TYPICALLY a quiet, peaceful small coastal town which is popular with tourists, Kalbarri was left devastated by the effects of ex-tropical cyclone (TC) Seroja over the weekend.
It's unusual for a tropical cyclone to hit this far down the coast of WA, so the communities around Kalbarri and Northampton that were in the path, were not used to such conditions.
Not being built to a cyclone rating to withstand such harsh conditions, structures such as shops, hotels and community facilities were decimated.
Premier Mark McGowan said residents of Kalbarri and Northampton, as well as communities in the Mid West and northern Wheatbelt had experienced the most damage.
"The devastation caused is widespread and severe," Mr McGowan said.
He said the focus was now on the recovery effort.
Kalbarri was the worst-affected with 70 per cent of the town's buildings incurring some damage and of those, 40pc were categorised as having major damage including loss of property.
On Tuesday, thousands of properties were still without power, phone reception was patchy and four regional arterial roads remained closed.
At its worst Main Roads had 13 roads closed, most of those concentrated in the Mid West, Central Midlands and Northern Wheatbelt, as well as a big section of the Great Eastern Highway.
There was no flood damage to roads, with most closures being due to fallen trees and removing them was proving to be the biggest task for Main Roads in making the roads safe for travel again.
Department of Fire and Emergency Services (DFES) Commissioner Dean Klem said volunteers from DFES and other State emergency services and Australian Defence Force personnel were deployed in affected areas assessing the damage and providing assistance.
DFES' aerial fleet has also been assisting with evacuations, delivering supplies and damage assessment.
Mr Klem said it was too early to tell exactly the extent of the damage or the total damage cost.
"Some iconic landmarks have been damaged, such as Carnarvon's One Mile Jetty, Big River Ranch, the Northampton Hospital and Monkey Mia Resort," Mr Klem said.
"This cyclone was particularly challenging because it was in an area that is not built for these conditions (compared to the Pilbara or Kimberley which experience cyclones rather regularly).
"The angle at which it hit the coast, a steep angle, meant it affected a large areas of coastline, whereas cyclones up north tend to hit land at a perpendicular angle.
"Pilbara and Kimberley communities and structures are more resilient to cyclones."
The Bureau of Meteorology (BoM) said the fastest recorded wind speed was 170 kilometres per hour at 7.30pm Sunday near Kalbarri.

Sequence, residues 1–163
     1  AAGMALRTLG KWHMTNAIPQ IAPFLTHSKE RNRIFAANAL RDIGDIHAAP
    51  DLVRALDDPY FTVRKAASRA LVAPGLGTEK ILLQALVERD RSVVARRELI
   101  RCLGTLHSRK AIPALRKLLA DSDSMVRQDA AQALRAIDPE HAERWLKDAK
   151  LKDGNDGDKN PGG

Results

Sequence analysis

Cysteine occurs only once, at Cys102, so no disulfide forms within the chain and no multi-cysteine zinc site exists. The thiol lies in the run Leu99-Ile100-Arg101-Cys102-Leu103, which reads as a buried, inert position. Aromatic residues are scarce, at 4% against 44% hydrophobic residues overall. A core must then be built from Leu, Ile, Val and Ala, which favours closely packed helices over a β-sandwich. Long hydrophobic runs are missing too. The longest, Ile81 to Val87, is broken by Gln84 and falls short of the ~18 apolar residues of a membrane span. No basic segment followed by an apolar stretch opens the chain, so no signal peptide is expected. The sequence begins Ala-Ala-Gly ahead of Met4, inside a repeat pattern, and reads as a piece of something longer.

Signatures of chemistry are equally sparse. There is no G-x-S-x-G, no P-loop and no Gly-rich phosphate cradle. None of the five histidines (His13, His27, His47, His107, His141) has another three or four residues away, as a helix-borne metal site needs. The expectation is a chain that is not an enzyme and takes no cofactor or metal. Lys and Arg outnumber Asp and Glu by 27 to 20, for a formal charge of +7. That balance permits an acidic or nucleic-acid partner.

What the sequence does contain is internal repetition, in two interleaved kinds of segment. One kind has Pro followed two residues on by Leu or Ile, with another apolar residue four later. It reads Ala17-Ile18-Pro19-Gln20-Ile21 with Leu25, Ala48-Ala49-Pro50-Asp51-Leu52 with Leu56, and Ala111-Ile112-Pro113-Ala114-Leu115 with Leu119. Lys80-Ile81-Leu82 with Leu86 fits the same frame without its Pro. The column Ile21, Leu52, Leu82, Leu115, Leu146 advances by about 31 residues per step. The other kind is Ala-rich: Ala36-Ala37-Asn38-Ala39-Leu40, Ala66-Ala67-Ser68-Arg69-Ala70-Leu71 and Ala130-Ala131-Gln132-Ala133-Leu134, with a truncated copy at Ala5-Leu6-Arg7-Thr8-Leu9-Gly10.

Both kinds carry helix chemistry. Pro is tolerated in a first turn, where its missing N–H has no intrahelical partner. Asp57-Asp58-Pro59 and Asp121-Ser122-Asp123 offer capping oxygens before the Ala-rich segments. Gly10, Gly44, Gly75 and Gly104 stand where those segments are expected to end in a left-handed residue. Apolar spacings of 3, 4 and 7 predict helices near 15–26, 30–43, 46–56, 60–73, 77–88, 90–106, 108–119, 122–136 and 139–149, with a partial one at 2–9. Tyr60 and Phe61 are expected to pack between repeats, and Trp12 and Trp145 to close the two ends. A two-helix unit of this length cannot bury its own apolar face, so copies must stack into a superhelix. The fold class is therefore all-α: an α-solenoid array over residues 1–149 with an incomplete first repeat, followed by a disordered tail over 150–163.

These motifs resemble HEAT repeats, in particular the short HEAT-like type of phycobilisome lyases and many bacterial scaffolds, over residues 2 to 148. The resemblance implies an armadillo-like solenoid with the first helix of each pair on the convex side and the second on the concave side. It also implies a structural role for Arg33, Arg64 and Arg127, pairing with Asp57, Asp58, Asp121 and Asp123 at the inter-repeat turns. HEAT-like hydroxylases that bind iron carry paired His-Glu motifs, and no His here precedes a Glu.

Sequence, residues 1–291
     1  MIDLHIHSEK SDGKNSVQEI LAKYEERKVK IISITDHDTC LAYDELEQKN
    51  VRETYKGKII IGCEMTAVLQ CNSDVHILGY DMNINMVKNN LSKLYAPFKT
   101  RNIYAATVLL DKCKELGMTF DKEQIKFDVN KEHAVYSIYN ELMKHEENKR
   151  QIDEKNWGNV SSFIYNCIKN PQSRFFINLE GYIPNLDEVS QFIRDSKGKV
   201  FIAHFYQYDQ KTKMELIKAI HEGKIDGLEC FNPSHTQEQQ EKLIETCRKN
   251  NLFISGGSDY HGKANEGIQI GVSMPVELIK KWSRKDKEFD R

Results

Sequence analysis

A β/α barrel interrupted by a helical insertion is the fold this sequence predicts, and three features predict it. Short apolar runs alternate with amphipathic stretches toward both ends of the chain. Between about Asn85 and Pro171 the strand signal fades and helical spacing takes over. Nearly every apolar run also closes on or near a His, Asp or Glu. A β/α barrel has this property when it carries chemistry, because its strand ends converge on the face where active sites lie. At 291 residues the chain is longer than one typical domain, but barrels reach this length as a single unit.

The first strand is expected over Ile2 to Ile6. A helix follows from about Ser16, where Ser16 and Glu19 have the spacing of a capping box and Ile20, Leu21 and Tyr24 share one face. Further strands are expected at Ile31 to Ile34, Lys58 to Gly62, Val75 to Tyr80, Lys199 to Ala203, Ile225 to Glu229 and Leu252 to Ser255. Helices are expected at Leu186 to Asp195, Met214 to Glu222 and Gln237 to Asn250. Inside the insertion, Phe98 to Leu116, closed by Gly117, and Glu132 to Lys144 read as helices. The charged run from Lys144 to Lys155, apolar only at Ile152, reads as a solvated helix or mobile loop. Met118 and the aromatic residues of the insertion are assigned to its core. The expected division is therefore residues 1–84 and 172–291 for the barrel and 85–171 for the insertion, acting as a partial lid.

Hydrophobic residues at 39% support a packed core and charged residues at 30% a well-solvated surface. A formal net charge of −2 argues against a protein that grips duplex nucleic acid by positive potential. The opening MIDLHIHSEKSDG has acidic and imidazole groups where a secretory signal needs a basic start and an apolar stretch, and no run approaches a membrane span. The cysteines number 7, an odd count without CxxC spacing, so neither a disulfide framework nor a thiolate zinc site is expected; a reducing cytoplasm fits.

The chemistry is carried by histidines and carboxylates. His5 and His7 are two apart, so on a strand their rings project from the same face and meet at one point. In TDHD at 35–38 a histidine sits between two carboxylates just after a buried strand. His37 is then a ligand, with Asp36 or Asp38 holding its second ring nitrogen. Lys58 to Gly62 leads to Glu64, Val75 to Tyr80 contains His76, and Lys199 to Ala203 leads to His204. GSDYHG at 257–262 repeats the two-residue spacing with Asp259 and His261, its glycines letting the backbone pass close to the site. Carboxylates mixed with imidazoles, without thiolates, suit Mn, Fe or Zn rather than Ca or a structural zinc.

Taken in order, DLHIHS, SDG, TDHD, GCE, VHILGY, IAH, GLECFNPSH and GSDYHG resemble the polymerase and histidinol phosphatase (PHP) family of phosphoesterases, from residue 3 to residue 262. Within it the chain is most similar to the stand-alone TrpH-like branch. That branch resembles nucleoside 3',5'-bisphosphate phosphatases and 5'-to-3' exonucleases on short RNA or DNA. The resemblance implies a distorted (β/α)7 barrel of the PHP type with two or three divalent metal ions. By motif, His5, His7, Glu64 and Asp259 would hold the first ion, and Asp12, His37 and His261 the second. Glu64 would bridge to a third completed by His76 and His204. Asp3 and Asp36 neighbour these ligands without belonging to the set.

Gusts of 120-140km/h were observed at Geraldton, Northampton, Binnu, Chapman Valley and Mingenew.
The highest recorded rainfall was 166.8mm near Kalbarri.
According to BoM, the last time Geraldton experienced such intense winds from an unnamed tropical cyclone was in 1956, when a wind gust of 140km/hr was recorded.
Mr McGowan referred to tropical cyclone Alby of 1978 as being the most recent cyclone to cause significant damage similar to what Kalbarri endured, although the overall impact of Alby was far worse including the death of five people.
"Winds in Kalbarri and nearby areas from Severe Tropical Cyclone Seroja were likely to have been the strongest in more than 50 years," BoM said.
TC Seroja hit the WA mainland near Port Gregory at 8pm on Sunday as a severe category 3 cyclone.
It then moved in a south easterly direction towards Esperance.
The intensity of the cyclone decreased to a category 2 as it travelled over Dalwallinu and Nungarin and was then downgraded to a tropical low as it passed over Mount Hampton and then headed towards Esperance.
A BoM spokesperson said there were two main influences which led to TC Seroja's movement south out of the tropics.
"The Fuijiwhara Effect, or the interaction between tropical low 23U (briefly TC Odette) and TC Seroja, influenced TC Seroja to take a more southerly track," they said.
"Cyclones that form in April in the western region typically have a greater chance of moving south out of tropical regions."
Additionally, very warm sea surface temperatures off WA's west coast persist in the region (associated with the La Nia of 2020-21), helping Seroja maintain its strength as it moved further south.
Companies have started to announce disaster relief packages, including Telstra.
Telstra residential and small business customers of the Mid West who were impacted can access short or long-term packages, which include mobile call diversion, a boost to data, free calls and reconnection support.
Mr McGowan asked insurance companies to be "generous and understanding during this time and quick with their responses".